July 23, 2017

MASS INTENTIONS: What they are and our need for them for the rest of 2017

The object for which a priest offers the Eucharistic Sacrifice is the Mass intention. The Church considers the Mass as the greatest possible prayer of intercession insofar as it is the perfect offering of Christ to the Father by making present the paschal mystery of His death and resurrection. The publically acknowledged Mass intention is distinct from the effects of the Mass which benefit those who take part in the sacrifice and attend the Mass―these are called the special fruits of the Mass and extensively are without limit.

It is important to note that, the graces of the Mass being infinite, many intentions can be offered up at a single Mass. While a priest may accept an offering (or stipend) for only one intention at a single Mass, he may have many other intentions not attached to an offering. In addition, the faithful may (and hopefully do) bring their own intentions to the Mass, which they each carry privately and place upon the altar spiritually. This is a genuine exercise of the royal or common priesthood of the faithful.

The intention announced prior to the start of Mass and during the Prayers of the Faithful refer to the particular stipend for which that Mass is offered. Frequently, this is for some person(s) living or deceased. Mass intentions may be offered for the baptized or non-baptized, a special need, to honor God thanking Him for blessings received, or to celebrate a wedding anniversary of significant importance. The intention for Mass is determined either by the intention of the donor of a Mass stipend or it is determined by the law of the Church. Every parish pastor is required, by Canon Law, to offer at least one Mass on Sunday for the needs and intentions of his parishioners (Can. 534 §1).

Historically, the purpose of offering a Mass stipend for a particular Mass intention has been twofold. On the one hand, the money that a priest received for saying his daily Mass for a specific intention has been his source of income. At the same time, by giving a stipend, the person requesting that a Mass be celebrated makes a sacrificial offering of his/her own. This stipend also allows for the one who gives it to contribute to the good of the Church, for they share in the Church’s concern for the support of its ministers. However, to ensure that no priest abuses this source of income, and to prevent the appearance that Masses are being bought or sold, a priest is only allowed to receive one Mass stipend per day regardless of the number of Masses celebrated. In the Diocese of Pittsburgh any additional Mass stipend money is used to support Saint Paul Seminary.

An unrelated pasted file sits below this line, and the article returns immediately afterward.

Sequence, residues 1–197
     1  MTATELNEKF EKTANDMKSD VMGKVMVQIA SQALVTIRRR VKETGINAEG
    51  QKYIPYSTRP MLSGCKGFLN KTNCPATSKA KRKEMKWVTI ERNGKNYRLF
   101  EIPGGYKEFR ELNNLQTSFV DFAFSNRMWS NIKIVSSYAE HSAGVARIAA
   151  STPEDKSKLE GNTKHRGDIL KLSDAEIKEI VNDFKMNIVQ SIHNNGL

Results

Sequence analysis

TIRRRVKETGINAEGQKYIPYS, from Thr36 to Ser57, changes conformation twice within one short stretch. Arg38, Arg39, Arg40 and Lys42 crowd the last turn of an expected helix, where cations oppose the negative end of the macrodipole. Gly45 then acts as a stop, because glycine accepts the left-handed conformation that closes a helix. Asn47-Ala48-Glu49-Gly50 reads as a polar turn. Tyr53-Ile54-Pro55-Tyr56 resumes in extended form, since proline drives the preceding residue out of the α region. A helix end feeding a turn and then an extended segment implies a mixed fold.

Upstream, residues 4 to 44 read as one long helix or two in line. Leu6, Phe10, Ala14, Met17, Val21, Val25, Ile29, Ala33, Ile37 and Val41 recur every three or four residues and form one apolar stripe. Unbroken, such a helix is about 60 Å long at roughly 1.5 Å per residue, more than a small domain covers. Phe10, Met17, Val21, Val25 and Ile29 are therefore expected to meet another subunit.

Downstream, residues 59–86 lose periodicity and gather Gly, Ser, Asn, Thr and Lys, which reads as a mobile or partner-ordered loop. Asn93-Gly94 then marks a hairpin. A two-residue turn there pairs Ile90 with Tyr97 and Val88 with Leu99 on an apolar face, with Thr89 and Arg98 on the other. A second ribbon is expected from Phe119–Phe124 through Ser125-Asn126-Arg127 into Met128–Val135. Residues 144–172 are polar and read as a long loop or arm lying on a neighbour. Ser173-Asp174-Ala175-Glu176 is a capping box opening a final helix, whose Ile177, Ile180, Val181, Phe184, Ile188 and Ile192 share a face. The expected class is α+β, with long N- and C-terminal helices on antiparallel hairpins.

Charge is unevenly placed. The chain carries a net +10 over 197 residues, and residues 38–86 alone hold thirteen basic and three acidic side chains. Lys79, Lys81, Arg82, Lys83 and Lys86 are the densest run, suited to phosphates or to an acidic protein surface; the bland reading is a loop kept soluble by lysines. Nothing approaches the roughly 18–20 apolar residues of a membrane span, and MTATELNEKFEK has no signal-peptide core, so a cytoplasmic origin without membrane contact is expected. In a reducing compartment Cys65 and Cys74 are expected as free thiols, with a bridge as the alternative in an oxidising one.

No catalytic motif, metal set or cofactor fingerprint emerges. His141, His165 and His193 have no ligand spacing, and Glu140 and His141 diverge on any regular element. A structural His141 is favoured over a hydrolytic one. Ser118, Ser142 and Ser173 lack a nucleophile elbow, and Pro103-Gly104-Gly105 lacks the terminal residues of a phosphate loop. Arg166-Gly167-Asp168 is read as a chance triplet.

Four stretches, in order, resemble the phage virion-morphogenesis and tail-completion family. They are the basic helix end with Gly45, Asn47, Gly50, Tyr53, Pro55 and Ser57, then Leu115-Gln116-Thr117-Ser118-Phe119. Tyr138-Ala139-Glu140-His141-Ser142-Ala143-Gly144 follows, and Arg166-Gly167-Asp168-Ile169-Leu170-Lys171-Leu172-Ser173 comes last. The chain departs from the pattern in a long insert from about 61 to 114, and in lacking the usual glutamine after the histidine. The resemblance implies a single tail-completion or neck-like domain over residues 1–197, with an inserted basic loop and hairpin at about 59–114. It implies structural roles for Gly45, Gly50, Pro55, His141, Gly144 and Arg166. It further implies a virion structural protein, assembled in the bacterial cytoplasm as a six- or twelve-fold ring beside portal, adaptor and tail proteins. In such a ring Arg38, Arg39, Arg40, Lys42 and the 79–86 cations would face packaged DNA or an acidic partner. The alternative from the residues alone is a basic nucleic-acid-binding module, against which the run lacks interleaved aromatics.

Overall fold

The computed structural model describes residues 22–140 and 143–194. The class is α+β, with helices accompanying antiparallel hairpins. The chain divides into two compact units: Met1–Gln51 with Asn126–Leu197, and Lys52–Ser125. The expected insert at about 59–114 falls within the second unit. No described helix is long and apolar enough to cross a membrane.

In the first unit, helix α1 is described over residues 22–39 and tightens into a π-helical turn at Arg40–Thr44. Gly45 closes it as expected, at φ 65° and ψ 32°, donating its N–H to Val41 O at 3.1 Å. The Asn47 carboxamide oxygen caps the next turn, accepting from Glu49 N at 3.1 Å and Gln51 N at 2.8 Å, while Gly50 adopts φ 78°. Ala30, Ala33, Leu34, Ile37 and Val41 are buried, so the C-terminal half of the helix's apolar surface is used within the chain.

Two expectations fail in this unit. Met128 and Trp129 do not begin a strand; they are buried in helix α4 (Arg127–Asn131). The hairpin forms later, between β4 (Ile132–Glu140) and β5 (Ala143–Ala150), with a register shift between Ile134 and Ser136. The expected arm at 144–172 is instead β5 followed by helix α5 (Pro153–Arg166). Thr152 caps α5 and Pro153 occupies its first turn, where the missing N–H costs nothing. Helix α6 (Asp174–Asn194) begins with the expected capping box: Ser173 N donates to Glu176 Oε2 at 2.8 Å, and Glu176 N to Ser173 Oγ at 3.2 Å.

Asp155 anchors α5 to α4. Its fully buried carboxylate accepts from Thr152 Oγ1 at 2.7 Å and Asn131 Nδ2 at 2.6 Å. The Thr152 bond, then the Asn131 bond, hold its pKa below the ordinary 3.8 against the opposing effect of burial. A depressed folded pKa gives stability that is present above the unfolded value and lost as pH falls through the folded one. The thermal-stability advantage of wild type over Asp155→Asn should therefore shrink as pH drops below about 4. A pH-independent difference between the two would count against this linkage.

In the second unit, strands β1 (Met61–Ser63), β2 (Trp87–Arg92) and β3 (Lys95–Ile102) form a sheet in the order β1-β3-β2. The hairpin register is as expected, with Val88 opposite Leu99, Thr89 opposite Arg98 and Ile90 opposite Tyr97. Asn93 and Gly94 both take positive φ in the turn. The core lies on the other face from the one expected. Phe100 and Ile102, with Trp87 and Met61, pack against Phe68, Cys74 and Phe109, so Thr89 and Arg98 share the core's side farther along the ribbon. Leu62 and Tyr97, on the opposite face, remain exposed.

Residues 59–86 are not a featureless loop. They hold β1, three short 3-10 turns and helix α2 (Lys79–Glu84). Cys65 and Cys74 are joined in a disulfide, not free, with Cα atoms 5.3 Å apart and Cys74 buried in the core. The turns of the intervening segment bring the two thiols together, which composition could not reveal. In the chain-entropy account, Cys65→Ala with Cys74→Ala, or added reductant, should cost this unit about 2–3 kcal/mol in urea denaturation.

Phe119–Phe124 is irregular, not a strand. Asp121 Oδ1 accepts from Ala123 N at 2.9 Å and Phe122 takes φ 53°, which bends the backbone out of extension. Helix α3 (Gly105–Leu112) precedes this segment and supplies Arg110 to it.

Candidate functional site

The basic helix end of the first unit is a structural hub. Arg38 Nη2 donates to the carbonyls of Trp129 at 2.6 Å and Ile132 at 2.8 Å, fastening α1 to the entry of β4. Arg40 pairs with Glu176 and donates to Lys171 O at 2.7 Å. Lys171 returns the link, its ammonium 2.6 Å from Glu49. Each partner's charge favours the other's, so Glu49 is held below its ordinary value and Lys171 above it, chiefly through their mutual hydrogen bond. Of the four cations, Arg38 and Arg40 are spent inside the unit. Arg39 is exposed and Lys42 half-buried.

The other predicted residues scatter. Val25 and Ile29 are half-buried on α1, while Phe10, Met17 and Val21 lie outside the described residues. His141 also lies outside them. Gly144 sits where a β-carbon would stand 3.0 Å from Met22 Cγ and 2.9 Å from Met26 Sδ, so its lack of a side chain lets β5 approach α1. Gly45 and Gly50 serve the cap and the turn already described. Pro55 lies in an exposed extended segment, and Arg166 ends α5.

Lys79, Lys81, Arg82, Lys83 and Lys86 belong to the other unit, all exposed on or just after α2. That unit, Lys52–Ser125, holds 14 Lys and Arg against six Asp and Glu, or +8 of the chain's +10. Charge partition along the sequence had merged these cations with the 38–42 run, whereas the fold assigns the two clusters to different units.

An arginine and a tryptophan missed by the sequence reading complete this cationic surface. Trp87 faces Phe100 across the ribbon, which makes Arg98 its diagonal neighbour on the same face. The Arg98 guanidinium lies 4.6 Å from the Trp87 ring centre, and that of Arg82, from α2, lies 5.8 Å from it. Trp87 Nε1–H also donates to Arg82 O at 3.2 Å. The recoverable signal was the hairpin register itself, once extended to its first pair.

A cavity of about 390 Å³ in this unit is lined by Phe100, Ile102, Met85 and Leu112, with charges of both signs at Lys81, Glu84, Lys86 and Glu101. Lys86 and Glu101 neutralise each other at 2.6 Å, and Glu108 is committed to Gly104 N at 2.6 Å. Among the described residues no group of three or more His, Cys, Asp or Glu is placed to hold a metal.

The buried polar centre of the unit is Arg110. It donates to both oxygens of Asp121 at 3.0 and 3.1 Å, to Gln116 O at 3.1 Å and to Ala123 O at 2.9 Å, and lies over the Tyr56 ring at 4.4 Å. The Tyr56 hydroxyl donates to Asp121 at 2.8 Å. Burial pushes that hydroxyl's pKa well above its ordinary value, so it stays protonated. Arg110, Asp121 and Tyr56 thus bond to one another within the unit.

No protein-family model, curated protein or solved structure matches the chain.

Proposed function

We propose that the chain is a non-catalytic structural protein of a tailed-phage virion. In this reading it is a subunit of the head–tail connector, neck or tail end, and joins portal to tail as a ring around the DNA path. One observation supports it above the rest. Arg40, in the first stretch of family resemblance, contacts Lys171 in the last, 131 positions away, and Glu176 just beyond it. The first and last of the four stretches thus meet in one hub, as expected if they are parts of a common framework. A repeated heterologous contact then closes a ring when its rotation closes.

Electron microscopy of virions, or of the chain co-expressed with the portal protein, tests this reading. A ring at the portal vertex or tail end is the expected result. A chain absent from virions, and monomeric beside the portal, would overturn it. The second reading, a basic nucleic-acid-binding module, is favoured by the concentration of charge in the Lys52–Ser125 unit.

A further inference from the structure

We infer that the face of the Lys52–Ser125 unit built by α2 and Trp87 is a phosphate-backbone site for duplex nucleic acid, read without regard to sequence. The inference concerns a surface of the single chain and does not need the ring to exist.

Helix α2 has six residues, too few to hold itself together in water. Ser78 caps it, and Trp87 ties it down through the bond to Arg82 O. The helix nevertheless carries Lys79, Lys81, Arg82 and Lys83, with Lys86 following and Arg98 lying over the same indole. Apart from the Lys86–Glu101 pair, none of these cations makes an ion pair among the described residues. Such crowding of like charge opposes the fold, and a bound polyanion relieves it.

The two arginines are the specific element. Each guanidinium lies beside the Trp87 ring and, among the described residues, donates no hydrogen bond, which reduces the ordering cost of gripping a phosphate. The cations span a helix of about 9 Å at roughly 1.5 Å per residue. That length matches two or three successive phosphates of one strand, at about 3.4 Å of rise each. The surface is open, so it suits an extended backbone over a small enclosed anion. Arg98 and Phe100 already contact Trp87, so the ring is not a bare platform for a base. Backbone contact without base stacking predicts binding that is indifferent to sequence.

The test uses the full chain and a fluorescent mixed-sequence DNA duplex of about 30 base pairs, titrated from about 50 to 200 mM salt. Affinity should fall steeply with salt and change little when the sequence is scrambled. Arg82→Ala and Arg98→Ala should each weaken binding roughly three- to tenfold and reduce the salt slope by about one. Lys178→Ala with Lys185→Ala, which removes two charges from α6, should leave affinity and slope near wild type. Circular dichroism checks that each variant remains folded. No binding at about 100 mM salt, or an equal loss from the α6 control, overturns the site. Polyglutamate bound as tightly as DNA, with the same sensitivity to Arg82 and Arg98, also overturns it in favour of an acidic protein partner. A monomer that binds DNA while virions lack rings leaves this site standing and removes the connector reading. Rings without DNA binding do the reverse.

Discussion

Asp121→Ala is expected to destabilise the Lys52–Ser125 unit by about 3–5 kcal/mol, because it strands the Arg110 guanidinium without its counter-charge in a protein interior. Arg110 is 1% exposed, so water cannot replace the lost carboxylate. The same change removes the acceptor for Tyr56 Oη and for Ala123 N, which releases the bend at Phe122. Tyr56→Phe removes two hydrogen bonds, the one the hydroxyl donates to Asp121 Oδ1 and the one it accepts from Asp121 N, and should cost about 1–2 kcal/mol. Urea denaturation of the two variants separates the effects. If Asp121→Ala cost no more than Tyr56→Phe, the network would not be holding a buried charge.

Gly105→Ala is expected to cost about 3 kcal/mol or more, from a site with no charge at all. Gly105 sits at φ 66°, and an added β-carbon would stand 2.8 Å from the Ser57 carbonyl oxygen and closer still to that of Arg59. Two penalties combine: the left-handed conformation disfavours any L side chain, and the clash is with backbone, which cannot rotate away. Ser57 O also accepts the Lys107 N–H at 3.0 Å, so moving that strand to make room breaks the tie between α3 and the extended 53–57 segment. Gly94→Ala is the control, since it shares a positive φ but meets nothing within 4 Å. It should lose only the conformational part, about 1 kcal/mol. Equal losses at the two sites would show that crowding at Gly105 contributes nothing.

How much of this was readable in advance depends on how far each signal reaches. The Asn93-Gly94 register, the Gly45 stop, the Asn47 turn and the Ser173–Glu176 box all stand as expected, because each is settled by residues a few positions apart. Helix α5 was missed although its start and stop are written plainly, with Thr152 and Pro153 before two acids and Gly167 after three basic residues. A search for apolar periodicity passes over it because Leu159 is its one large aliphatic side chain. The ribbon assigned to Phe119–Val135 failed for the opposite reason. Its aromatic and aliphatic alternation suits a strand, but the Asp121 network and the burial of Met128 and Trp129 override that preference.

We currently have many Masses for the remainder of the year that do not have a specific Mass intention. So, if you would like to offer a Mass for someone special, living or deceased, or for a special intention, either visit the Parish Center Office or mail your request. Telephone requests for Masses are not permitted. Mass stipends are $10. Remember, there is no greater prayer than that of the Holy Sacrifice of the Mass and to have a Mass offered for your specific intention is a wonderful way to embrace the glory and power of Christ’s passion, death, and resurrection.

Information on Mass intentions (and to see resources I consulted for this article) visit: EWTN Zenit daily dispatch, stmaryoldtown.org, canonlawmadeeasy.com, and CatholicCulture.org.

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